A lung cancer screening program in the US has significantly increased early stage detection of non-small cell lung cancer and saved around 10,100 lives over four years, a new analysis of real world data estimates.
The US introduced a national lung cancer screening program towards the end of 2013, screening patients aged 55-80 years old deemed at high risk from the disease with low dose computed tomography (CT).
The retrospective observational study, published in the BMJ, used two national cancer registries to identify patients diagnosed with NSCLC between January 2010 and December 2018, with the aim of exploring the benefits of the program in a real world population.
The research team used data from 763,474 patients to determine the annual changes in the percentage of NSCLC diagnosed at stage 1 among those not eligible for screening (aged 45-54) and those that potentially were (55-80 years old), and analysed trends in all cause survival from 2010 to 2018.
The results showed that between 2014-2018 the year-to-year percentages of stage 1 disease diagnosed grew at more than twice the rate seen in the preceding four-year term, with an annual percent change of 4%.
Also, between 2014 to 2018 the rate of increase in median all cause survival in patients aged 55-80 diagnosed with NSCLC nearly tripled (annual percent change 12%) from that seen in 2010 to 2013 (annual percent change 4%), so that by 2018 all cause survival had reached 28.2 months.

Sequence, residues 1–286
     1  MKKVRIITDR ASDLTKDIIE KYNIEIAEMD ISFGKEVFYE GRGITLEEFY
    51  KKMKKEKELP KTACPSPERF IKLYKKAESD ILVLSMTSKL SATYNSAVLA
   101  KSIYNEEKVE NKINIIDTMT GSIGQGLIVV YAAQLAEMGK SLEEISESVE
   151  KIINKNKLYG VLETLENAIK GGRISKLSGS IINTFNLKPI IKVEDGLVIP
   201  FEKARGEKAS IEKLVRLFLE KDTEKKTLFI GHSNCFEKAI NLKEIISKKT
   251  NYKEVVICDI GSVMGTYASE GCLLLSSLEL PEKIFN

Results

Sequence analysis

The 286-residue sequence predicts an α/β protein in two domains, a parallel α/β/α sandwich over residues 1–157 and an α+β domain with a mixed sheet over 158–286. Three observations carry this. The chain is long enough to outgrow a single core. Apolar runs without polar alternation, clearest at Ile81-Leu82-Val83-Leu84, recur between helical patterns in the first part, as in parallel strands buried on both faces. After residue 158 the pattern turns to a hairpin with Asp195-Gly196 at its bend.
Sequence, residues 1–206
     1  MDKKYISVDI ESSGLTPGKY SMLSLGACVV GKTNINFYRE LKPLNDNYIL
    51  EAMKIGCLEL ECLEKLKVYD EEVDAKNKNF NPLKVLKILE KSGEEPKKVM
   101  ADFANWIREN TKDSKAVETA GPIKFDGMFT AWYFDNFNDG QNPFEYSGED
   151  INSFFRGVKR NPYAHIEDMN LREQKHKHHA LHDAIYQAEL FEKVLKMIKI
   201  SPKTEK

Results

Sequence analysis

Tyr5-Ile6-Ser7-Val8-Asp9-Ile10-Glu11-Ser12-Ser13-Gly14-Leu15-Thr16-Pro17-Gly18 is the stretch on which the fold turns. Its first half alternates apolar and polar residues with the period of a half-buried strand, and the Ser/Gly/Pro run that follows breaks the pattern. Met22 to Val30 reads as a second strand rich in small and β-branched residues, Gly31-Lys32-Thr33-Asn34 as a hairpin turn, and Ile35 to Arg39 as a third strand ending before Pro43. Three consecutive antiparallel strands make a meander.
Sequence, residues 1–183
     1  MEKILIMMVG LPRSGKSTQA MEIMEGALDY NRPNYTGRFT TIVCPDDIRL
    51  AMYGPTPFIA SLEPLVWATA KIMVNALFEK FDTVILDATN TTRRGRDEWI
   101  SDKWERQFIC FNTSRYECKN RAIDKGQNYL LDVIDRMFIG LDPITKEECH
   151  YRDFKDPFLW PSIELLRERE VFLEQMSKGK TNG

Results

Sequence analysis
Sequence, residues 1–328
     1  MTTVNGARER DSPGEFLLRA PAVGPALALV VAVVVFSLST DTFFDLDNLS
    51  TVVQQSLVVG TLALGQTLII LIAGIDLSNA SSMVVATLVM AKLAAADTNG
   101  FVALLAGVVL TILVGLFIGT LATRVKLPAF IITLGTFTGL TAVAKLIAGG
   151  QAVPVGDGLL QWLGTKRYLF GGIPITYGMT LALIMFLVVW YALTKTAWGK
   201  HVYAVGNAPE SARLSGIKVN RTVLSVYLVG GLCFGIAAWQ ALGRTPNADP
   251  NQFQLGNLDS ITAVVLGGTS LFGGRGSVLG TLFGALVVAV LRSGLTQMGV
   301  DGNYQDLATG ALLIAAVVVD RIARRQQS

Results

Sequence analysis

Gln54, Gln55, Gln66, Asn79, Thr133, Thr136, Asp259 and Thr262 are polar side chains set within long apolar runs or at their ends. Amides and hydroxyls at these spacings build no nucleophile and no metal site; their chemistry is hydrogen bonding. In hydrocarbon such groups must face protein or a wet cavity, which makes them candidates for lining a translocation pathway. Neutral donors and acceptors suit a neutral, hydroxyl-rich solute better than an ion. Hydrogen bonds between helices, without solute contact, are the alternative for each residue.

“Although the adoption of lung cancer screening has been slow and screening rates have remained low nationally, the findings of this study indicate the beneficial effect that even a small amount of screening can have on lung cancer stage shifts and survival at the population level,” the researchers concluded.
The authors had taken into account several other factors that might have played a role in their findings, such as increases in lung cancer over diagnosis or improved accuracy in clinical staging information, but found none would have resulted in an acceleration of early stage diagnoses.
They did, however, highlight several limitations to the study, such as a lack of information on participants’ smoking history or whether the cancers were detected by incidentally or via low dose CT screening.
Nevertheless, the findings are likely to attract global attention, particularly from countries such as Australia, which is currently considering implementing its own lung cancer screening program.